Several months ago, Owego Mayor Mike Baratta asked me to do some research on the Sa Sa Na Loft monument, which stands in Evergreen Cemetery in the Village of Owego, N.Y. As the story goes, the Mayor had corresponded with a gentleman from the area who had been inquiring to local officials as to the notion that the Sa Sa Na monument may be the oldest monument to a Native American in the United States.
Commissioned and intrigued, I began my research at the local level. I asked around to my fellow historians here in Tioga County, of which we are fortunate to have several excellent ones of both public and private status. I was certainly surprised to find out that the notion that the Loft monument could be the first monument to a Native American or even the first monument to a Native American woman had apparently, at least in recent history, never been broached.
Somewhat baffled at this finding, I moved forward with some basic Meta Internet searches. After a few of hours of searching for Native American databases and the like, hoping to score a website that would contain all the information I needed, I came up empty.
My next attempt at researching the Loft monument would be to optimistically contact historians at the state and national levels. My letters to them contained my subject, purpose, and appeals for any information regarding Native American monuments. In addition, if the Loft monument’s unique status could be confirmed, I naively hoped that the state or national government could provide to the Village of Owego some validation or certification of such.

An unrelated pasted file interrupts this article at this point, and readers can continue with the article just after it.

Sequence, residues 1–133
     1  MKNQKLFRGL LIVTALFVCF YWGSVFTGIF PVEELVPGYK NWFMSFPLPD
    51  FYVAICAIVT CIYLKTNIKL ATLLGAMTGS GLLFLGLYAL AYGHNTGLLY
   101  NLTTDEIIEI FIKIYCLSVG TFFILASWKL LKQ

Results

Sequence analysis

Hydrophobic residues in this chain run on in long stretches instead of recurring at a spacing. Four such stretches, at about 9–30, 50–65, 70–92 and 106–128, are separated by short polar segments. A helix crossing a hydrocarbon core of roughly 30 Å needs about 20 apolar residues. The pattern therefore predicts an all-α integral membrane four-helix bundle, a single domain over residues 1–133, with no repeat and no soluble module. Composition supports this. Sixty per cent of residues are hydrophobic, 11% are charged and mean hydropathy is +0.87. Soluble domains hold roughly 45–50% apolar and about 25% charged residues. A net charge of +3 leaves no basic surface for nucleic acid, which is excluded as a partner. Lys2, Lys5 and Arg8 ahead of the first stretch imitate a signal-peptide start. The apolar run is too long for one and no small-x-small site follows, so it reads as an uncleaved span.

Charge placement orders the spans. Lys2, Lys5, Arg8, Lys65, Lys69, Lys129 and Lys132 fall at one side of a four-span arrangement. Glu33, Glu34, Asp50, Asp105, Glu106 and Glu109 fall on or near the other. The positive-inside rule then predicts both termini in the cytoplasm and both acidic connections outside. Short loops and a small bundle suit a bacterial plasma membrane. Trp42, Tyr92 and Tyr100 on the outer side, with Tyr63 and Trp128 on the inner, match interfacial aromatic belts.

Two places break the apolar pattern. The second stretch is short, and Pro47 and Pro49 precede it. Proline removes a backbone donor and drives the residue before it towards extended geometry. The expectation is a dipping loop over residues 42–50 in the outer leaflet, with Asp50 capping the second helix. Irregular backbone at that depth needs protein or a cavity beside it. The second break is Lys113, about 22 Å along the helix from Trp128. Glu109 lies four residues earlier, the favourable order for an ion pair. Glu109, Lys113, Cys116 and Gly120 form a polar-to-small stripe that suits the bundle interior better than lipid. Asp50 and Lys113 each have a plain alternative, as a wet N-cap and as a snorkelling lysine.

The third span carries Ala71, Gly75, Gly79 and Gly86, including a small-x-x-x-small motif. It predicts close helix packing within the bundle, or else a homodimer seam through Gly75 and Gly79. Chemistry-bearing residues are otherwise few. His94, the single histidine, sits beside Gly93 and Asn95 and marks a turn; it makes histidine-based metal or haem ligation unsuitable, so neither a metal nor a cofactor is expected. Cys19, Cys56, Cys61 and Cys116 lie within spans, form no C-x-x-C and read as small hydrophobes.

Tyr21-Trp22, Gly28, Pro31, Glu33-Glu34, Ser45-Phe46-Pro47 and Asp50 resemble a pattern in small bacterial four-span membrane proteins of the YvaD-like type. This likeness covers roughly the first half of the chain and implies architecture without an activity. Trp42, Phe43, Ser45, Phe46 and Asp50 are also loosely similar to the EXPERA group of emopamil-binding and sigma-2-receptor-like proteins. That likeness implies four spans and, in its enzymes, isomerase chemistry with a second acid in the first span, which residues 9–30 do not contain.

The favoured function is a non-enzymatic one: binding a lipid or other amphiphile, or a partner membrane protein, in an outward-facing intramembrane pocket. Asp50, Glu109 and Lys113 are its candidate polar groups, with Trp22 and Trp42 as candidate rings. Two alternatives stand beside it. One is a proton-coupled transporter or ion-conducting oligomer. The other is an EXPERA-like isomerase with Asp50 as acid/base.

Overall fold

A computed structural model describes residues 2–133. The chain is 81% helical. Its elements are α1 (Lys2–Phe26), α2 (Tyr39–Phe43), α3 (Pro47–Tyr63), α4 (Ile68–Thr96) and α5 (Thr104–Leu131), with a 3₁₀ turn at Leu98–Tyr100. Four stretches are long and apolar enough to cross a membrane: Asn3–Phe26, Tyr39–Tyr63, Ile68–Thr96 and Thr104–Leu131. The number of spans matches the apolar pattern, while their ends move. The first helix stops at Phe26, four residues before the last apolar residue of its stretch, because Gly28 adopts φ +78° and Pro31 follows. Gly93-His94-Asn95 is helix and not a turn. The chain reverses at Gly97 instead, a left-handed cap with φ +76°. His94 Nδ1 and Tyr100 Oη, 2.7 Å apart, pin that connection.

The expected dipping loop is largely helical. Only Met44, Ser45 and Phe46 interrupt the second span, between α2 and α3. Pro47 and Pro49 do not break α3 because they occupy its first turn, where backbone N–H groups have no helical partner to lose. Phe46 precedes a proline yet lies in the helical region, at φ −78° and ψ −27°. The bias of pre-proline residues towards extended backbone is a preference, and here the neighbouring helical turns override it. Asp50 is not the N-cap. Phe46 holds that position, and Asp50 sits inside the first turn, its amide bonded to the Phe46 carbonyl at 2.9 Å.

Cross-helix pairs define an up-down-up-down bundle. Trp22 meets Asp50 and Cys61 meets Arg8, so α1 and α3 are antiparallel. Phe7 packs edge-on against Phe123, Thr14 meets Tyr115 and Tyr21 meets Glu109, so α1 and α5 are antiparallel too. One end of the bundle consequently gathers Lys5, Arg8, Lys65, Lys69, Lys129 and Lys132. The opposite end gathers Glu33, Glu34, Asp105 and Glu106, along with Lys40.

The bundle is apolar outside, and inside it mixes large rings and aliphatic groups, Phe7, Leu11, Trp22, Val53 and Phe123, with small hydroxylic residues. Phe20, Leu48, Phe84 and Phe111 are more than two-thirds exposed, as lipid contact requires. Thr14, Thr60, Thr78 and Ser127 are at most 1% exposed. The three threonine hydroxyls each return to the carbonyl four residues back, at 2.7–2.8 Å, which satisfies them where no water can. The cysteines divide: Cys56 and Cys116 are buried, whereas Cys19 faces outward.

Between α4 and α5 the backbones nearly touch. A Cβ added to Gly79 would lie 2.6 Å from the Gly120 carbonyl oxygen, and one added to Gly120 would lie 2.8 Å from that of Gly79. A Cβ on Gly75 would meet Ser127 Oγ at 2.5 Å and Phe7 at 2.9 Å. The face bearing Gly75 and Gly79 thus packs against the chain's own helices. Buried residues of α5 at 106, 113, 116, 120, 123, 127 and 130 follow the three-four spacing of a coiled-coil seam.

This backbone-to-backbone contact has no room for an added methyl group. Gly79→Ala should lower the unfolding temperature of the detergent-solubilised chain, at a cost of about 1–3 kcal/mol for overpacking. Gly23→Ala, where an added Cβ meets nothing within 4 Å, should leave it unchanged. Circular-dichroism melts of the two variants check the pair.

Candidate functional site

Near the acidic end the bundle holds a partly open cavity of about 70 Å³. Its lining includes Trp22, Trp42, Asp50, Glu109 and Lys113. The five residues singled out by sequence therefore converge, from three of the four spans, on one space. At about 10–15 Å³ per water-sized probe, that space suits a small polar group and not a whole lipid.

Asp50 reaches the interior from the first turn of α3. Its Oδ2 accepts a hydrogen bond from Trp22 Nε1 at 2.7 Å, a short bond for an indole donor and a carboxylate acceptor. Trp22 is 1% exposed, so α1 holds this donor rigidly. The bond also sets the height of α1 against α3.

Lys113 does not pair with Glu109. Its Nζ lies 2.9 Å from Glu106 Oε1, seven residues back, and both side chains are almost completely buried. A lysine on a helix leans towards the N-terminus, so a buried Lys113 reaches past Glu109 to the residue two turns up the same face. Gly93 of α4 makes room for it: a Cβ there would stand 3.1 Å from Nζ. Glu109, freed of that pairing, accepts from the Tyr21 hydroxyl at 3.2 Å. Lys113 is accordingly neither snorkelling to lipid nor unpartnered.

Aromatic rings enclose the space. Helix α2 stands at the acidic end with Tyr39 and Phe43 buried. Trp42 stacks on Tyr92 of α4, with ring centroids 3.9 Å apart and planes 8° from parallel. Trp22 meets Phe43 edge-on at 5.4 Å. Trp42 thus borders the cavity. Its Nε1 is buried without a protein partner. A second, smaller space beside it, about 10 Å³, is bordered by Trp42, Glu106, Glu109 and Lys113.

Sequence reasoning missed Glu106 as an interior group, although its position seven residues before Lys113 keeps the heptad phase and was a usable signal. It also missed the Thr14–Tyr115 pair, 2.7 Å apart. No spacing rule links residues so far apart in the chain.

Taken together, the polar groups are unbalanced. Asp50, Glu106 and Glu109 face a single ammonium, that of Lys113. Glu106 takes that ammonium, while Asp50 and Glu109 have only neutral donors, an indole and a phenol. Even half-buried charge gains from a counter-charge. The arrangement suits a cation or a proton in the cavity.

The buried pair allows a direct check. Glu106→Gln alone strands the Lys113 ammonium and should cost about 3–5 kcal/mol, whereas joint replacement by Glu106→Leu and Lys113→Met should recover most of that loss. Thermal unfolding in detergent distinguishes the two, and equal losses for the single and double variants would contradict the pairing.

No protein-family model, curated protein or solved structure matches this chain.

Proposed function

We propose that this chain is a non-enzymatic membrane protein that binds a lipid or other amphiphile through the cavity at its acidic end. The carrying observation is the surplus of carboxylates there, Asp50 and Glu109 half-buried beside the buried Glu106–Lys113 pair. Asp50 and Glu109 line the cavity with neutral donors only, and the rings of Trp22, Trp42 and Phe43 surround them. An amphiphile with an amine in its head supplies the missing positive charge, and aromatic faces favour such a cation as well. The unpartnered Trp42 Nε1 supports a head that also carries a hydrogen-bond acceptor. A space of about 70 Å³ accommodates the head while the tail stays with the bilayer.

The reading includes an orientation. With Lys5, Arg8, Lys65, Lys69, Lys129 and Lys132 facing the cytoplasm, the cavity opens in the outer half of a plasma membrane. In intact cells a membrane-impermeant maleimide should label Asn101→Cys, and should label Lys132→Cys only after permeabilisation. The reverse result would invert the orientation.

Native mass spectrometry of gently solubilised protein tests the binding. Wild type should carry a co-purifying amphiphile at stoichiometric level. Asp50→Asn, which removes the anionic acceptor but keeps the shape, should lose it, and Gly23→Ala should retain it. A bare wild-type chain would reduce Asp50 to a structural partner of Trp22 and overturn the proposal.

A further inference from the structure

Over several weeks my correspondence included talking to and or emailing the following experts, with one referring me to the next. At the Division of New York State Historic Preservation, I contacted a ‘Program Analyst,’ then a ‘Scientist / Archaeologist,’ then the New York State ‘Ethnologist,’ and the ‘New York State Historian.’
At our National level, I contacted a National Parks Service ‘Staff Historian’ and the ‘Chief Historian’ of the National Parks Service. In addition, and upon another referral, I corresponded with a well-known Mohawk Nation historian and author.
In amalgamating the responses from the experts, I would say that they were enthusiastic about the topic, encouraging, and interested in my quest. But they were unable to offer any compilations of data or research shortcuts for me. With all due respect to them, they more or less told me to ‘knock myself out.’
The next phase of my research would include finding the names of any well-known Native American warrior, VIP, and or person of interest, or notoriety. Then I examined only those Native Americans whose life and times pre date the Sa Sa Na Loft monument date of 1855. After many hours spread over several weeks, I was yet to find any monument to pre date Sa Sa Na’s. The closest I had found was Seneca Chief Cornplanter / John Abeel’s monument from 1866, which in 1965, due to the building of the Kinzua Dam, had been relocated to the Riverview-Corydon Cemetery in Elk Township, Warren County, Pa. and near Salamanca, N.Y.
Although things were looking good for Sa Sa Na’s potential new acclaim, I was struggling to define what qualifies as a ‘monument’ and delineate the differences between various tributes such as monuments, memorials, busts-and other works of art, plaques on stones, elaborate headstones and the like. What should count as the first or earliest monument?